July 21, 2024
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July 21, 2024
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Give Us Life

The Annual Meeting of the European Society for Human Reproduction and Embryology (ESHRE) in Geneva showcased a number of interesting presentations. One study from a Scottish group explored the impact of cancer treatment on fertility.

Who were the subjects of the study?

The study reviewed the fertility of 23,000 female cancer survivors who were 39 year of age or younger.

What did the study discover?

It was revealed that the treatment for cancer had a very detrimental effect on their pregnancy rates. These women were 38% less likely to achieve a pregnancy than women who had not undergone cancer treatment.

However, this is not necessarily a marker of decreased fertility, since eggs, embryos and even ovarian tissue can be frozen prior to cancer treatment. These can later be thawed and used to achieve a pregnancy.

Why is this information significant?

It is clear proof of something that was previously only a suspicion—that cancer treatment can have a substantially detrimental effect on fertility. It also highlights the importance of freezing genetic material prior to cancer treatment to prevent difficulties in achieving pregnancy.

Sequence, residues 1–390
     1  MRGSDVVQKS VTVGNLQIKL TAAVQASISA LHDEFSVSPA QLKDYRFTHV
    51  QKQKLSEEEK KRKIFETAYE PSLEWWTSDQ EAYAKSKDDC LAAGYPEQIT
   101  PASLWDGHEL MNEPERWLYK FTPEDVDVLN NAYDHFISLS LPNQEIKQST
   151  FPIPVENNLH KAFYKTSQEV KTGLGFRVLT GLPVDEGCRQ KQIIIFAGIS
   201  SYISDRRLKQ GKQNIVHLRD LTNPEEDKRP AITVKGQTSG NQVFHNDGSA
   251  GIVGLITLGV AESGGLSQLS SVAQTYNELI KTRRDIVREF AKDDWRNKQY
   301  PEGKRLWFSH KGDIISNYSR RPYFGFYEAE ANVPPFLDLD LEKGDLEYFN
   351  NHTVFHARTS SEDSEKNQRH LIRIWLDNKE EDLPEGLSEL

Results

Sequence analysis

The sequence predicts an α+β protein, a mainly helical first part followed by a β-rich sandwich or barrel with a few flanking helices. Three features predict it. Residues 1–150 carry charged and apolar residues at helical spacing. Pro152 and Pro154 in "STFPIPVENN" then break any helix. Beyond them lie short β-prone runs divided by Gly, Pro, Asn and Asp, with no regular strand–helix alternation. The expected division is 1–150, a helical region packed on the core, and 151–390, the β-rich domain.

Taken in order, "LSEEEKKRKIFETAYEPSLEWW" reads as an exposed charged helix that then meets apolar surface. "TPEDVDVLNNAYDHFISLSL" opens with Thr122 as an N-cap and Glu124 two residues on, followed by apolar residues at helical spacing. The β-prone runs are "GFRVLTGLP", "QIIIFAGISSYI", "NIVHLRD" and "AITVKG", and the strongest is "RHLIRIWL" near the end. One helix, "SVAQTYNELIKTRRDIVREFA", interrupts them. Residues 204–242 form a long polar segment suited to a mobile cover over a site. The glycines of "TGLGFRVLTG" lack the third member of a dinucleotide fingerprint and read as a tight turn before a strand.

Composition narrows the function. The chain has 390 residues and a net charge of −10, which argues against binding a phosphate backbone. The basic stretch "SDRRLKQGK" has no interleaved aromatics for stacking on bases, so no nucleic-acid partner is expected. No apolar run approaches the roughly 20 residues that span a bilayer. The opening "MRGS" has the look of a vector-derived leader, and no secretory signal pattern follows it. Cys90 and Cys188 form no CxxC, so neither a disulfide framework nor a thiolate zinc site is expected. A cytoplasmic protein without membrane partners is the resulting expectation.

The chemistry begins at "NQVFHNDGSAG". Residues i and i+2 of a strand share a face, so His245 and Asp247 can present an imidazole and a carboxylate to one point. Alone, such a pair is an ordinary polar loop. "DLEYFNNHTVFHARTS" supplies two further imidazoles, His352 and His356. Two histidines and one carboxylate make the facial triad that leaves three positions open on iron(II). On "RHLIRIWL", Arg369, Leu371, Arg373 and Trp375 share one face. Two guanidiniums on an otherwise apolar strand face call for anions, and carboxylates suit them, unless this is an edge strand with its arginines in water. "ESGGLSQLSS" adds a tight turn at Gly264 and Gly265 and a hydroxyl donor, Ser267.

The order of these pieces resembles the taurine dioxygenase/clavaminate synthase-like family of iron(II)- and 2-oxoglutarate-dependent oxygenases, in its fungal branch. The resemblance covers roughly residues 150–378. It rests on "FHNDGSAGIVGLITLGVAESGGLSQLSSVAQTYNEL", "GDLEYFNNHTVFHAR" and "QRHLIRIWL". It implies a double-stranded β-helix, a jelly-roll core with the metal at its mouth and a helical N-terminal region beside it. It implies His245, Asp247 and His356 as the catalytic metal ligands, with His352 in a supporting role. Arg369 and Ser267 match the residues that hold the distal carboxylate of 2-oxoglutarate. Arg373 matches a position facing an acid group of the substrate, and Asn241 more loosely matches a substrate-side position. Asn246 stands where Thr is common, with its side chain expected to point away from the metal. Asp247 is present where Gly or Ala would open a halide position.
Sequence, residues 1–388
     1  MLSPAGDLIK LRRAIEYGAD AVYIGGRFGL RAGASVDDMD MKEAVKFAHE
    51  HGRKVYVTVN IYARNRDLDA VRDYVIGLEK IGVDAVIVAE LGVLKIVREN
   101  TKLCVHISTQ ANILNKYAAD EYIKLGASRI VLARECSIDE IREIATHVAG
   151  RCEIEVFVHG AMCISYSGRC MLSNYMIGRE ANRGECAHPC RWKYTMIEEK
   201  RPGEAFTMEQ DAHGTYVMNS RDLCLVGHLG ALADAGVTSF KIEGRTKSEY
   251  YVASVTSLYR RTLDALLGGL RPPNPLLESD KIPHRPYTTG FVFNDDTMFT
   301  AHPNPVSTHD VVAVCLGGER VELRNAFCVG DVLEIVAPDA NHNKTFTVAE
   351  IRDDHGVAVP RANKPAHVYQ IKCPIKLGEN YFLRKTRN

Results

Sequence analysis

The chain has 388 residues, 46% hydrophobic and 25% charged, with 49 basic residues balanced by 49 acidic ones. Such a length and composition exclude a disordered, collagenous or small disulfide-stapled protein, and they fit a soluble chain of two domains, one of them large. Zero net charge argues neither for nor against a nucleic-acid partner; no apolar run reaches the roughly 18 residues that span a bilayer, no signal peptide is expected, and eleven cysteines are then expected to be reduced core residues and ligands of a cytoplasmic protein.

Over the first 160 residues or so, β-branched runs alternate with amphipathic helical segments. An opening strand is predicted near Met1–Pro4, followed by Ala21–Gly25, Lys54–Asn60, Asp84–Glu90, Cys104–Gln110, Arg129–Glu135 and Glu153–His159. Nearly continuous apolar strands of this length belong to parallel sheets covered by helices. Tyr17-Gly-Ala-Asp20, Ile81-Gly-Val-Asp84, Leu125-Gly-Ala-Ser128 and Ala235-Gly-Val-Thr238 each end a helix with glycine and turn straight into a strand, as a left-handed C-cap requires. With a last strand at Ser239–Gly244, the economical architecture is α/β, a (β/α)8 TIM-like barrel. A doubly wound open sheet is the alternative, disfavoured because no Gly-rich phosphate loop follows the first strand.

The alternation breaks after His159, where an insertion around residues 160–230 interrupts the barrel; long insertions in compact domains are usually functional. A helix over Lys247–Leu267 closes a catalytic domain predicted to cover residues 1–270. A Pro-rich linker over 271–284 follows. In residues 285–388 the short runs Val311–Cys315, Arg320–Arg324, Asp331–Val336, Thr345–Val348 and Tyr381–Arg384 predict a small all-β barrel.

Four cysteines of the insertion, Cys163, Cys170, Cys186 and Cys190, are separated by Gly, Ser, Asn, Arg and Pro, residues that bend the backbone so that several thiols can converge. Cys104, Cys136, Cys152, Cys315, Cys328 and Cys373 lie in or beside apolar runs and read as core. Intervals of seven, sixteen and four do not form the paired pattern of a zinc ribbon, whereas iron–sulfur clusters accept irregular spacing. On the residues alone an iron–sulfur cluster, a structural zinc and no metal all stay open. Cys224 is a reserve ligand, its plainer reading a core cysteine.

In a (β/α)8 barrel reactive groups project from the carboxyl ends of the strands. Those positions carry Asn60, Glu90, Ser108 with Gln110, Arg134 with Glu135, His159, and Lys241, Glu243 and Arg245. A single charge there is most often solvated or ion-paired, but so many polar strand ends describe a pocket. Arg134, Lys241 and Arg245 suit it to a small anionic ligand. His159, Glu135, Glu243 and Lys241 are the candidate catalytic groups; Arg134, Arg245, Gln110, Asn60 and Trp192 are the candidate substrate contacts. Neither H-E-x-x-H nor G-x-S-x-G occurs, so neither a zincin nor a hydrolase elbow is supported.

Why do female cancer victims often not preserve their genetic material?

When parents learn that their child has cancer, they enter a state of shock, like a deer caught in the headlights. All they can think of is one thing—that they will do whatever they can to find a treatment to cure their child. But in the scramble to find the best oncologists and the preferred treatment, the question of fertility preservation is barely touched upon, or even ignored completely.

What about the doctors? Don’t they advise their patients about all the side effects of treatment?

Unfortunately, the doctors are also so absorbed in providing the best treatment to save the child’s life that this information falls to the wayside. They do not always remind the parents of the importance of protecting their child’s fertility.

The stark reality of the numbers in the above study should be a reminder of the significant possibility of treatment-caused fertility issues. It is imperative that both parents and doctors do their utmost to ensure that this does not become an issue.

During these weeks, life is on all of our minds as we ask God to inscribe us in the Book of Life. The importance of life is repeated numerous times during our prayers, and this intensifies during Rosh Hashanah and Yom Kippur. As we ask God to give us life, we need to be conscious of the importance of not just saving lives, but also ensuring the birth of future lives.

Fertility preservation for cancer patients is an important issue that needs to be brought to the forefront and presented to parents of such children. In this way, not only will the child’s life be saved, but the child’s future generations will be preserved as well.

By Rabbi Gideon Weitzman, Senior PUAH advisor


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